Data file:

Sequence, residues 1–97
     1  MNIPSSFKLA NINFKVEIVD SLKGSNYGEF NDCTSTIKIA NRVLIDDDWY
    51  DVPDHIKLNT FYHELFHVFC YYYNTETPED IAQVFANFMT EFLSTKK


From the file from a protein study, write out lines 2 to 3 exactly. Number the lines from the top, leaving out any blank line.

     1  MNIPSSFKLA NINFKVEIVD SLKGSNYGEF NDCTSTIKIA NRVLIDDDWY
    51  DVPDHIKLNT FYHELFHVFC YYYNTETPED IAQVFANFMT EFLSTKK